SOURCE: Eastern American Diocese
The second Wednesday of Great Lent this year, March 14/27, will mark the 246th anniversary of the falling asleep in the Lord of the ever-memorable Colonel Philip Ludwell III, of Williamsburg, VA, the first documented convert to Orthodoxy in the Americas.
Last year, the First Hierarch of the Russian Church Abroad, His Eminence Hilarion, Metropolitan of Eastern America & New York, gave his blessing for panihidas to be held for Colonel Ludwell on the anniversary of his repose, and it is hoped that even more parishes will do so this year, following their celebration of the Divine Liturgy of the Presanctified Gifts.
Recently, further documents concerning Colonel Ludwell’s life and the depth of his Orthodox piety have been found from the archives of the State Historical Museum in St. Petersburg. These include the following petition sent to the Holy Synod of the Russian Church by the Priest Stefan Ivanovsky when Colonel Ludwell brought his daughters from Virginia to London to be received into the Holy Orthodox Church:
Petitioned 29 March 1761
Heard 17 May 1761
To the Most Holy Ruling Synod of All Russia, Stefan Ivanovsky, priest of the London Graeco-Russian Church most humbly reports:
In 1738, during the incumbency of the late Hieromonk Bartholomew Cassano at this holy Church, an English gentleman named Ludwell [transliterated as Лодвелъ – Lodvel – tr.], born in the American lands and living there in the province of Virginia, came to London seeking the True Faith, WHICH he, with God’s help, has swiftly found in the Holy Graeco-Russian Church. And so on the 31st of December of the same year he was confirmed in the same with the holy Chrism. The next year,1739 , he returned to his native land, from whence he, having lived there for twenty years, came back to London last month of September, and brought with him his three daughters, two of whom are eleven years of age, and the third, twenty, who long time ago in America lost their mother, minding to have them united with the Holy Eastern Church here, gaining through this union the one Mother for them and himself. While living in America he translated for them the Catechism of the Orthodox Confession of the Eastern Church, in two parts, from Latin into English, which he taught and enjoined upon them from their very early years. The Greek and Latin book, from which he made his translation, was printed in Lipsia [Leipzig] in 1695, and rendered into Latin by Lawrence Norman [Normann]. The manuscript of this English translation that he brought here with him, I, unworthy, have diligently compared to the Greek and Russian versions. Except the usual corrections, I found no defect in it whatsoever, it being in full agreement with the original. Since his fervent desire is to see that translation in print, he requested that I, unworthy, petition the Most Holy Ruling Synod concerning this, whether the Most Holy Ruling Synod would command that the printing of the said Catechism in the English tongue is done at its most gracious expense, and is then handed out to all sons of the Holy Eastern Church dwelling in London, without charge, for their spiritual nourishment. Or would it give him permission to print it at his own expense, and sell for the cost of printing. He already made enquiries concerning the costs: they are asking a hundred and fifty rubles [approx. £30 – transl.] for two hundred and fifty copies on fine large quarto paper, in good type and generous binding. The cost without binding, paper-bound only, would be seventy five rubles. But I, unworthy, believe the binding is necessary, since every book, whatever its contents be, and especially this one, which is filled with truth, when bound appropriately, commands more respect, and thus is kept longer.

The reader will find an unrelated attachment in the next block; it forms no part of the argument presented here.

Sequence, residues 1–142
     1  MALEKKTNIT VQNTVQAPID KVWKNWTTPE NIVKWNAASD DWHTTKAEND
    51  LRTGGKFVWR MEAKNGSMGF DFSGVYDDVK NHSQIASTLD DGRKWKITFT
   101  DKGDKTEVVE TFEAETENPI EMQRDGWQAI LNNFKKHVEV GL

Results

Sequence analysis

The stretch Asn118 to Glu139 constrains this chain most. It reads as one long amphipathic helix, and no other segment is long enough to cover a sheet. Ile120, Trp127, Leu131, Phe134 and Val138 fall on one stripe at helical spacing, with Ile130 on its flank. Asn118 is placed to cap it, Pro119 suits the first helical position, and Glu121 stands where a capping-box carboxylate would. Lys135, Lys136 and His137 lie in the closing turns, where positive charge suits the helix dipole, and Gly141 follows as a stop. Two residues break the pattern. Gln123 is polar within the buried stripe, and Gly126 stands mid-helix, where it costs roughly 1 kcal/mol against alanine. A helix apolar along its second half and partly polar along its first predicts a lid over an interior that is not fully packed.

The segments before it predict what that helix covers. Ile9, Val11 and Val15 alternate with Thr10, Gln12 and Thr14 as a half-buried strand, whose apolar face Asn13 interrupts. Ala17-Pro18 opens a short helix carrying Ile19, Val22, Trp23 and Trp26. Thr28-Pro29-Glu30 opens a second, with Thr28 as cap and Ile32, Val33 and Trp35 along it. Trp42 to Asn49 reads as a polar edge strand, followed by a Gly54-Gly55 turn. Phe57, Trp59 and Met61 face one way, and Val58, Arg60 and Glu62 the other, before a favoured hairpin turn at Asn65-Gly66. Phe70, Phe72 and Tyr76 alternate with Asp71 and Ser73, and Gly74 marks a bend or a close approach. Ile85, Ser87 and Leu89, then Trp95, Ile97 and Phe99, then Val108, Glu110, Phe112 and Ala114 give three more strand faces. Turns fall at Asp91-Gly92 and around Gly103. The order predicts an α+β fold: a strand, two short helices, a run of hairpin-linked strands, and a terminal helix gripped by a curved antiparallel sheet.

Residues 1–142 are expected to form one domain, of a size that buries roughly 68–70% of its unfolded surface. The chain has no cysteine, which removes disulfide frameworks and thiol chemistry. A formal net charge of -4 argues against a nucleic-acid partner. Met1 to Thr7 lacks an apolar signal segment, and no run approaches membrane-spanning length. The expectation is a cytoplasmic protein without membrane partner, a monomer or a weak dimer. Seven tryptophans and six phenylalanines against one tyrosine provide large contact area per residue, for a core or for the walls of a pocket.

The same man, filled with Orthodox piety, requested that I, unworthy, humbly petition the Most Holy Ruling Synod concerning the future condition of his soul. How should he conduct himself after returning to his home land with his family, what shall he and them do, keep the practice of prayer only at their home, or would they be permitted to go temporarily to an English church, have no church of their own? So that they could offer their Creator some due in public, even thrice a year, thus drawing away from themselves the anger of the local people, since there, and in the whole Province of Virginia, and in the whole of America, except nearby Pennsylvania, any other Religion except Protestant, is forbidden. Besides in his home country still nobody knows about his change of Religion, since he is a councilor in a high position in the King’s service.
Concerning the Holy Gifts, he humbly petitions the Most Holy Ruling Synod, whether it would consider it possible to send them from here once a year some Consecrated Holy Gifts, as was practiced by the Early Christians, so that they, having been deprived of this Spiritual Nourishment after their departure from here, should not fall into despair. Since he had no greater concern throughout his twenty years there than the absence of these Divine Gifts, which he oftentimes longed to partake for the strengthening of his faith. And this petition of the selfsame man who is full of pious zeal, which is stemming from his great love for the Holy Church, I, unworthy, make bold to bring for the Most Holy Ruling Synod’s compassionate consideration, and humbly beg for a decision that will bring him joy.
[there follows a petition to send to London more Holy Chrism – transl.]
In London, 9 February 1761
May Colonel Ludwell – warrior Phillip’s – memory be eternal!